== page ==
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Sunday, May 4, 2008

'Iron Man' posts massive $100m opening weekend, May 2-4, 2008

After one of the driest springs in recent box office history all it took was a man in an iron suit to jump start the marketplace into the summer season, as Paramount and Marvel Studios' big budget superhero pic Iron Man rocketed to the top spot with an estimated $100.8 million this weekend, posting the tenth largest opening of all-time and second largest non-sequel opening ever (2002's Spider-Man still holds the record with $114.8m).

Crushing most industry-wide expectations for a $70-85 million debut, the $140 million budgeted action-adventure (with some rumors putting it at $180 million) posted a massive $24,543 average in 4,105 theaters. It is the first picture financed through Marvel's newly formed film studio Marvel Studios. Paramount acted only as the film's distributor, much in the same fashion as Lucasfilm Ltd and Fox Studios handled the Star Wars prequels. Universal Studios will handle similar distribution duties for Marvel's upcoming The Incredible Hulk (June 13th).

Much has been written about Paramount and Marvel using its marketing campaign to transform star Robert Downey Jr. into a big budget leading man, and the gamble appears to have paid off. Reviews were overwhelmingly positive (94% on Rottentomatoes.com, making it their highest rated superhero film of all-time), and audience awareness for film -- based on the popular but not necessarily mainstream superhero -- was very high. Co-starring Jeff Bridges, Gwenyth Paltrow, and Terrence Howard, the Jon Favreau-directed blockbuster also took in $96.8 million in 57 international territories, pushing its global debut to an eye-popping $201 million.

Pulling in $35.1 million on its opening day (including Thursday night previews), the film saw a 7% increase in ticket sales on Saturday, indicating very strong word of mouth, particularly for a superhero pic. It is the second biggest debut in the Marvel franchise behind only Spider-Man, and rumors are that a second and third Iron Man film are already in the pipeline. For Paramount, which acted only as the film's distributor, Iron Man was the studio's second largest debut ever behind only last May's Shrek the Third with $121.6 million.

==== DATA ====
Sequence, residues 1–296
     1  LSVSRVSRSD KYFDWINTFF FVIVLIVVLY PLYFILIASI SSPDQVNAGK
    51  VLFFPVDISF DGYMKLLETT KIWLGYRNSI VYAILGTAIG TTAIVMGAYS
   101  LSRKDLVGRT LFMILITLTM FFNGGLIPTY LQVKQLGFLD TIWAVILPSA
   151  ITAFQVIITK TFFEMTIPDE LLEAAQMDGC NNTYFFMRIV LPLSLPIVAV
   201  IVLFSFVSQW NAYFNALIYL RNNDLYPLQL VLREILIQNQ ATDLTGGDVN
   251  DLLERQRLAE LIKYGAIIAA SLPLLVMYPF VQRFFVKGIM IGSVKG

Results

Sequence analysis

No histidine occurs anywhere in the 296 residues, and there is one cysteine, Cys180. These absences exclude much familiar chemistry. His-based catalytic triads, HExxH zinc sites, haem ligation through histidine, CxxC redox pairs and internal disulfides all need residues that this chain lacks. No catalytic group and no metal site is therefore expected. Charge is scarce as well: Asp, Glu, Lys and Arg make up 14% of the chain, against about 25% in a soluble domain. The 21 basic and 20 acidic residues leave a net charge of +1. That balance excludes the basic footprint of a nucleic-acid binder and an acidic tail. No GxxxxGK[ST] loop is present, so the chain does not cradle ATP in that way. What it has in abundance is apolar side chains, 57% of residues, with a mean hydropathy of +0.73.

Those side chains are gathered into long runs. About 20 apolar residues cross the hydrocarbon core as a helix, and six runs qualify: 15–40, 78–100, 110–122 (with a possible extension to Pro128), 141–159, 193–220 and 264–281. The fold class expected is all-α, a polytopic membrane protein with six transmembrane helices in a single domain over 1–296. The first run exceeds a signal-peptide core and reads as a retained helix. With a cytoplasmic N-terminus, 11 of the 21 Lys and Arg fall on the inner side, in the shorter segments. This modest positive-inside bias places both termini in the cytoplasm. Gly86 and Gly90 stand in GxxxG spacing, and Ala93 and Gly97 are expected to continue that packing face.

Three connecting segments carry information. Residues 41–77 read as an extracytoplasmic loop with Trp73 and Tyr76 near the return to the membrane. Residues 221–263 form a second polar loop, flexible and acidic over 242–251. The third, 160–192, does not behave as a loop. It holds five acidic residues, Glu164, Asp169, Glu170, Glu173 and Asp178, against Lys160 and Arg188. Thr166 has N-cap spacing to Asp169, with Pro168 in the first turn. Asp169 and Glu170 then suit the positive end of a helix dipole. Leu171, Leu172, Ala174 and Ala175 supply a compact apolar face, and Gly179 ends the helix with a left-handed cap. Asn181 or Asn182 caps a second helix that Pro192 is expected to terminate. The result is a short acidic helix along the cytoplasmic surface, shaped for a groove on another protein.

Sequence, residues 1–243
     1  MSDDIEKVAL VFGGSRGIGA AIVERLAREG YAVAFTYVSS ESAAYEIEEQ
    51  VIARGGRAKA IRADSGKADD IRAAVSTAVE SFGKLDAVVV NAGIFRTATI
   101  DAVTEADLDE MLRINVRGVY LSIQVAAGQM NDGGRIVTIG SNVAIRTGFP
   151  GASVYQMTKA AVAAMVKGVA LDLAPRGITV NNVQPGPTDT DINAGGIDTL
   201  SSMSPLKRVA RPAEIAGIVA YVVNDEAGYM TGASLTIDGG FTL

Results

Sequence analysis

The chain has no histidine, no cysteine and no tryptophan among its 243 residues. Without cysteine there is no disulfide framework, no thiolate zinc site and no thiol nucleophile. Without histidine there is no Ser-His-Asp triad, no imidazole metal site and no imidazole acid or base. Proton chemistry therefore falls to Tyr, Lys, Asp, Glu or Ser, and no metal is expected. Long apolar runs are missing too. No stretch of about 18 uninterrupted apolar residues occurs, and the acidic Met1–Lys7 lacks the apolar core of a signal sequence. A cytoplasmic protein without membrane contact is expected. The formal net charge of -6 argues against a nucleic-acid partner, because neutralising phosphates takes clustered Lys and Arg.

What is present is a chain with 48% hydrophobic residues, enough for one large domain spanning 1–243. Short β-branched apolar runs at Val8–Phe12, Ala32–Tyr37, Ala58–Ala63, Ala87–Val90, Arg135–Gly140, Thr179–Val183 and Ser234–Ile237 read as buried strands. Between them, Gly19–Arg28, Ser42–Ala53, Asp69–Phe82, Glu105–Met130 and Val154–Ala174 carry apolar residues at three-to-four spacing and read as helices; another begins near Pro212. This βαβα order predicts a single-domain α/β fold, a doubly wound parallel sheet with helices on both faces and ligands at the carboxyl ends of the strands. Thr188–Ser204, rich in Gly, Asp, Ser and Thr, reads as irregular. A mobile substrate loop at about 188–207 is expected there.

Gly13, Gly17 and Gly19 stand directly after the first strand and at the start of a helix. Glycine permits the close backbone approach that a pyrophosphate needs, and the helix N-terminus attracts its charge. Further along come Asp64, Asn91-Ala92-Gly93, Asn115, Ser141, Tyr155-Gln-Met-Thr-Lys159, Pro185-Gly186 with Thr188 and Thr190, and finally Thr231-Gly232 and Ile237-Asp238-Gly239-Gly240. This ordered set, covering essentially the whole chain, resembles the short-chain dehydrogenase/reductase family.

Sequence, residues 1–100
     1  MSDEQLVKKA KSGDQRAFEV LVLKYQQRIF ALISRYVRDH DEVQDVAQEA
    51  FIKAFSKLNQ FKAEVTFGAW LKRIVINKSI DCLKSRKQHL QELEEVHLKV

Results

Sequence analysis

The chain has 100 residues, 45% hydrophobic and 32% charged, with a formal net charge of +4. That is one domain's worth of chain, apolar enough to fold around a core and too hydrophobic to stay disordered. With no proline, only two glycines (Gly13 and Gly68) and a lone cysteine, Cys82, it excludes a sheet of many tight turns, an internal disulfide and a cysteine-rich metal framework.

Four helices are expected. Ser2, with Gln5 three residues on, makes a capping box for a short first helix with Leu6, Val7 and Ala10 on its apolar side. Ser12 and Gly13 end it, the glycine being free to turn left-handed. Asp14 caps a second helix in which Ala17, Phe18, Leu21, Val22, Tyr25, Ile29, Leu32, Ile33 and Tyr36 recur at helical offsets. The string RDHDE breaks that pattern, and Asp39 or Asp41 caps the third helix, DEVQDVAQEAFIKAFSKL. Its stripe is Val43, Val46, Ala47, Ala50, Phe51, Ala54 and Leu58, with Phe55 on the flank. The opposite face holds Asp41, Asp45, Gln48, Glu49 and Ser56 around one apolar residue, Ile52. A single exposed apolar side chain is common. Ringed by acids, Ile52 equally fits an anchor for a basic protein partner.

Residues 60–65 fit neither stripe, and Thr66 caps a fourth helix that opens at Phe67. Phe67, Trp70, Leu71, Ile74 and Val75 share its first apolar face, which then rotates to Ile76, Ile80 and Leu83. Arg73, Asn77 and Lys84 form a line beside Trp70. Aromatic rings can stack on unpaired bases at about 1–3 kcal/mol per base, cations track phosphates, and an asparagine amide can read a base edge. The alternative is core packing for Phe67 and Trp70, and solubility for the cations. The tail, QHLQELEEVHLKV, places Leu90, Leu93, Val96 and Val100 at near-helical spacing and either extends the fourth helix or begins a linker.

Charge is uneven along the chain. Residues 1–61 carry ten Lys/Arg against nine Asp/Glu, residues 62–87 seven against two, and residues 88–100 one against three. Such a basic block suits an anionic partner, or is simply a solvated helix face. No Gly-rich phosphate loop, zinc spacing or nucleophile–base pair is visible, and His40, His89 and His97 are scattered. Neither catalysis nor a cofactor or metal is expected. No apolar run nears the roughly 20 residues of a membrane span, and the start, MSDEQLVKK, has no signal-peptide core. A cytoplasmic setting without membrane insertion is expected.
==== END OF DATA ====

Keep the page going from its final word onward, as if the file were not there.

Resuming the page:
With a lineup of films (Prince Caspian, Indy IV) most likely weaker than last May's triumvirate of Spider-Man 3, Shrek the Third, and Pirates of the Caribbean 3, look for Iron Man to dominate the month of May, potentially propelling itself into the $300 million club.

Debuting in second was Sony's counter-programming romantic comedy Made of Honor, which debuted with an estimated $15.5 million this weekend. Starring Patrick Dempsey, the $40 million budgeted pic averaged a solid $5,680 from 2,729 theaters. Reviews were largely brutal.

Last week's champ Baby Mama fell just 41% this weekend to $10.3 million despite the heavy competition, pushing its ten-day take to $32.3 million. Look for the Universal comedy to finish with over $50 million domestically. The studio's other comedy Forgetting Sarah Marshall fell 44% to $6.1 million, pushing its cume to $44.8 million.

New Line's comedy Harold & Kumar Escape From Guantanamo Bay fell a nasty 60% in its sophomore frame to $6 million, pushing its ten-day take to $25.3 million. Budgeted at a modest $12 million, the film has already surpassed the entire gross of the original Harold & Kumar Go to White Castle, which finished with $18.2 million back in 2004.

Thanks to Iron Man's massive debut (which accounted for nearly two-thirds of the entire box office), the top ten films grossed an estimated $151.9 million, down 15% from last year's comparable frame when Spider-Man 3 shattered records with $151.1 million, but up 62% from 2006 when MI: III topped with $47.7 million.

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